Honey-bee venom may be as effective as standard drug therapy for treating enlarged prostate, a common, but benign, condition in older men, suggests an animal study published online in Experimental Biology and Medicine.
A month of bee-venom injections significantly suppressed symptoms of enlarged prostate, termed benign prostatic hyperplasia (BPH), in rats compared with untreated rats.
Bee venom appeared to reduce inflammation and correct the imbalance between prostate-cell growth and cell death, which is associated with the development of BPH, the researchers said. Honeybee venom contains anti-inflammatory compounds, including melittin, an important protein believed to have anticancer properties, according to the study.
Prostate enlargement occurs in most aging men and can cause bothersome urinary symptoms. BPH isn’t tied to prostate cancer.
Experiments in South Korea involved four groups of male rats. Three groups were castrated to stop the production of male sex hormones and then given daily injections of testosterone into muscle tissue to induce BPH. One of the groups also received bee venom, and another got finasteride, a drug used to treat BPH. A fourth group of uncastrated controls was given placebo injections.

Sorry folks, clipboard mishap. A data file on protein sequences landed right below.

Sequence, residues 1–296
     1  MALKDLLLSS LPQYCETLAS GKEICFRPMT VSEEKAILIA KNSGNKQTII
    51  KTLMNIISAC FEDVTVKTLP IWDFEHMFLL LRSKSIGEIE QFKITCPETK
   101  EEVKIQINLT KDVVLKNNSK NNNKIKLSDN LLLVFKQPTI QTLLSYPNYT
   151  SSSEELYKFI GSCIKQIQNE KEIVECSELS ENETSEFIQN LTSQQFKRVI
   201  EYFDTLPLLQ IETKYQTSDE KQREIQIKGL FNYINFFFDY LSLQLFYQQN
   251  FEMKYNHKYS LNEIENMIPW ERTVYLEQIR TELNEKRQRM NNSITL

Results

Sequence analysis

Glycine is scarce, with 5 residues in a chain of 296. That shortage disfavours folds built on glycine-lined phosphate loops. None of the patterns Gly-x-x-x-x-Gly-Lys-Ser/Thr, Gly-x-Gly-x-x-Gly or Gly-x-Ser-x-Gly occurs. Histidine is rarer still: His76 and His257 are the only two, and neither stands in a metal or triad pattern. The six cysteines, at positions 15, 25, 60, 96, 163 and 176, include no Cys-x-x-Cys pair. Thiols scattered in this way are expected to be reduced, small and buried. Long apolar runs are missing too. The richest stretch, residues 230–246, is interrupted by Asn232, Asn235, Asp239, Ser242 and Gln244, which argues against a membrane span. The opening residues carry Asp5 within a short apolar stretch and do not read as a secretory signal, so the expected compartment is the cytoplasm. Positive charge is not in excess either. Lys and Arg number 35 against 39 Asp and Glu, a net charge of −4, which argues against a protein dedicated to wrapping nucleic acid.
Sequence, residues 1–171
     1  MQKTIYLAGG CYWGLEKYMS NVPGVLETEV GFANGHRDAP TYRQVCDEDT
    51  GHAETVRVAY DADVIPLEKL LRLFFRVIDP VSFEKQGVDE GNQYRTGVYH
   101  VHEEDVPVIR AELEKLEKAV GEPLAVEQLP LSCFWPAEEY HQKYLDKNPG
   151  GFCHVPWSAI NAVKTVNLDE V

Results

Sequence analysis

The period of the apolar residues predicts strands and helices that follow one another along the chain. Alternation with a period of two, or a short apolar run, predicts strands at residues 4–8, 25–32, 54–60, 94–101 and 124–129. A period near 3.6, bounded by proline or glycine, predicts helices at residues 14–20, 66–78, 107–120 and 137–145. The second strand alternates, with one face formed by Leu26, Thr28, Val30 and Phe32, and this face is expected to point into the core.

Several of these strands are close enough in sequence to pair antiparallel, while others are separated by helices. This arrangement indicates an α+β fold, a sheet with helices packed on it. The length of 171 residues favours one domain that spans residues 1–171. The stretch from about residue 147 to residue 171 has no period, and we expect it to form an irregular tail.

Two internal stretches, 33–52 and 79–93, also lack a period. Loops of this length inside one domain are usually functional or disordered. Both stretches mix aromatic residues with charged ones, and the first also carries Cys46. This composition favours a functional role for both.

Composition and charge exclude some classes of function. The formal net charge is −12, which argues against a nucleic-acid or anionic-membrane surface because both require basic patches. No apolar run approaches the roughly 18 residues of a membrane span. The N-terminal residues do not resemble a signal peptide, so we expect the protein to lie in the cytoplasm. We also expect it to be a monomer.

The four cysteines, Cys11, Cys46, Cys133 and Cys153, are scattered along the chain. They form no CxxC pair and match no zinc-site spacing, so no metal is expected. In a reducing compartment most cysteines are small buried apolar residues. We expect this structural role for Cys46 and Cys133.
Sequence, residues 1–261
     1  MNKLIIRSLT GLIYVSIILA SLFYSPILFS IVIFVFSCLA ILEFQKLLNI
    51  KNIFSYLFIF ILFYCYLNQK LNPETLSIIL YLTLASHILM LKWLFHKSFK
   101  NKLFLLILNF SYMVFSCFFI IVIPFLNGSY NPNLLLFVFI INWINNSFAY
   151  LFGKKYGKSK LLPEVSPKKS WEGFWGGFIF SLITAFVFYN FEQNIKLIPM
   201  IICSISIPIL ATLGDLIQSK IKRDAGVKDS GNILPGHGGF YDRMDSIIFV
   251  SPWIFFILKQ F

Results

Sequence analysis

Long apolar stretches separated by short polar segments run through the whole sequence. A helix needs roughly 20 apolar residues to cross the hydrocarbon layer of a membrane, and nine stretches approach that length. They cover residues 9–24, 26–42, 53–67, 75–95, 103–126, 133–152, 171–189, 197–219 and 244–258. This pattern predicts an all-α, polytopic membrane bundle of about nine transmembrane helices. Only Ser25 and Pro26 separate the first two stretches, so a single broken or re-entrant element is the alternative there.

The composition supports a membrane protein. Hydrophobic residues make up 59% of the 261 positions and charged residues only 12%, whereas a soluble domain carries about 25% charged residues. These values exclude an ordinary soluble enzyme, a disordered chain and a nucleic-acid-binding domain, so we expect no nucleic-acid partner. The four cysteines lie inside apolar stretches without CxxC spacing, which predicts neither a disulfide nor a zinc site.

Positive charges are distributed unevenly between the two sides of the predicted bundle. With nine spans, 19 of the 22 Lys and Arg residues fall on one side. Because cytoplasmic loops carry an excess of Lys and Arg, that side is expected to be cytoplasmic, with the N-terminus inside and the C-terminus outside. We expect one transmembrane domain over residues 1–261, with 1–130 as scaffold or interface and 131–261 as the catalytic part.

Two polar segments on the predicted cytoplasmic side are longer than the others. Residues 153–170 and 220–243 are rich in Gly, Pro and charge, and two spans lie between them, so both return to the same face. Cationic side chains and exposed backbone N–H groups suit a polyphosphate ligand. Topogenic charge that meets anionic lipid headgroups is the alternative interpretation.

After four weeks, prostate-gland weight was significantly higher in the BPH-induced rats than controls, indicating testosterone had enlarged the prostate, the researchers said. Prostate weight in rats treated only with testosterone was almost 1.8 times as high as in control rats. But prostate weight in rats given bee venom or finasteride was 1.1 and 1.3 times as high, respectively. Enzymes and inflammatory proteins linked to the development of BPH were also reduced in the rats treated with bee venom and finasteride.
Prostate tissue in the rats treated with either bee venom or finasteride appeared normal. Tissue from rats only given testosterone exhibited cellular abnormalities typically associated with BPH, the study found.
Bee venom is used in traditional medicine to treat conditions like arthritis, but its effect on BPH wasn’t known, researchers said.
Caveat: Venom was tested on rats with induced BPH. The risk of adverse events in reaction to bee venom wasn’t mentioned.